In line with international deal activity, Ireland’s mergers and acquisitions (M&A) market slowed in the first half of 2023.
M&A worldwide has reduced as rising interest rates, high inflation and fears of a recession have impacted confidence and made acquisitions more expensive. The Financial Times recently reported that global M&A fell 38% to US$1.3 trillion in the first half of the year, the lowest since the start of the pandemic in 2020.
The Irish economy itself is showing notable resilience. The International Monetary Fund expects our economy to expand by 5.6% over the course of 2023. This is a GDP measurement, often criticised for distorting the “real” Irish economic growth rate. Nevertheless, the Economic and Social Research Institute (ESRI) is forecasting Modified Domestic Demand growth of 3.6% this year and 4% next year. This compares very favourably to just 0.7% growth across the European Union as a whole1. Similarly, inflation in the country has been relatively modest compared to many of Ireland’s EU peers (even if it does not necessarily feel that way when doing the weekly shopping).
Despite some positive macro-economic indicators (at least in relative terms), the Irish M&A market has inevitably been impacted by the global slowdown in activity. The first six months of 2023 saw 177 deals involving Irish businesses, collectively worth just over €5.2bn. Year-on-year (YoY), that represents a minor decline of 2% in volume but a more substantial -58% decrease by value.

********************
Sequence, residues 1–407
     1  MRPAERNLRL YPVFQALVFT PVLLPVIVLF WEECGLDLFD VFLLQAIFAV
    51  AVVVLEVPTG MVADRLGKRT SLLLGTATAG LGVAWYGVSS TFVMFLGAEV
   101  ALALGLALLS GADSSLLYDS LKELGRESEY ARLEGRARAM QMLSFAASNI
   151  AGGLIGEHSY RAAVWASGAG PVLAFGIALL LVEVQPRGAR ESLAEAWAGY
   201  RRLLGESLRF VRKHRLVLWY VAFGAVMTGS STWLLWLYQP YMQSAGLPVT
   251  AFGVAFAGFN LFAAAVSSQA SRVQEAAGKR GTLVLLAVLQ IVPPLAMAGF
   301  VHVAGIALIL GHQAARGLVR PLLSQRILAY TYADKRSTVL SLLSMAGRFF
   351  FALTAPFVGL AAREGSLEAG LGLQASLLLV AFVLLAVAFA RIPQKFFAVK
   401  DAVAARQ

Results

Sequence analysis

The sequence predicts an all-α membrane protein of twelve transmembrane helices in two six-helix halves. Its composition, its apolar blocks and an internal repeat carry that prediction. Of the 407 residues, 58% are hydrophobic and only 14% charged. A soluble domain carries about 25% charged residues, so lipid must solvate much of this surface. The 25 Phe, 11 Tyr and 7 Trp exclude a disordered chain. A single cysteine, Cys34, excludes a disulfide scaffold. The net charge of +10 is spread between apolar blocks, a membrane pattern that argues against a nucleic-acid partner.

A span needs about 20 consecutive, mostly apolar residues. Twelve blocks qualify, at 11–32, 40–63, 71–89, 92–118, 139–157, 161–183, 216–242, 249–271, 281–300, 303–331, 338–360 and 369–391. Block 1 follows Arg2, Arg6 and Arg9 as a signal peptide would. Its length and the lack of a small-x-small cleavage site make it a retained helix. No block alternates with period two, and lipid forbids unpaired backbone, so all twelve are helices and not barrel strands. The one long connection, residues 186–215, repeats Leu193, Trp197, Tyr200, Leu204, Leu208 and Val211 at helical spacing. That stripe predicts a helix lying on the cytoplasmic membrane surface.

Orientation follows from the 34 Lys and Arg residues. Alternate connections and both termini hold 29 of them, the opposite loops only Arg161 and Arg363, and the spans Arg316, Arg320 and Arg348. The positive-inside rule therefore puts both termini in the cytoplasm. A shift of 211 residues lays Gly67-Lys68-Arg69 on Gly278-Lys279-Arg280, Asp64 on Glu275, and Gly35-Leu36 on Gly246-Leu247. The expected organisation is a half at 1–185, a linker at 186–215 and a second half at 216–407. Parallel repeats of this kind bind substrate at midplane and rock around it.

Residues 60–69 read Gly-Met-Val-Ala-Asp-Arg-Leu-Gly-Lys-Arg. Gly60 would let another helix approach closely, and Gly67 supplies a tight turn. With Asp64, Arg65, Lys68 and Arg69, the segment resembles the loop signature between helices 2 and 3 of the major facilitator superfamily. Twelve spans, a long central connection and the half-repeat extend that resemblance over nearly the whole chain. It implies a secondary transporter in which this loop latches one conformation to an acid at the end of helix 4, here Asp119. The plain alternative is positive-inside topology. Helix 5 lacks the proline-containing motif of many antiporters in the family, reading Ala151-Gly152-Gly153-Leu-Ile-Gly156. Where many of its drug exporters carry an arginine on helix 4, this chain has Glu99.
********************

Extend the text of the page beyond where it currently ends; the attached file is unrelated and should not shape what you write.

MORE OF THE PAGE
The shape of Ireland’s M&A market in the first half of the year was similar to previous years, with 97% of transactions falling into the mid-market segment; of the 51 first-half deals where the value was disclosed, 45 of them were valued at between €5m and €250m. The top end of the market however was particularly quiet, with just three deals worth more than €500m announced during the first half. The biggest recorded deal of all saw Chiesi Farmaceutici agree to pay €1.34bn for Irish head-quartered Amryt Pharma, another sign of the influence of the international pharmaceutical sector on Irish M&A statistics in recent years. The next largest deal was the recent sale of Enva, the waste management company, by one private equity house to another.
Despite the various uncertainties it is safe to assume that we will see more healthcare and private equity deals as the year progresses.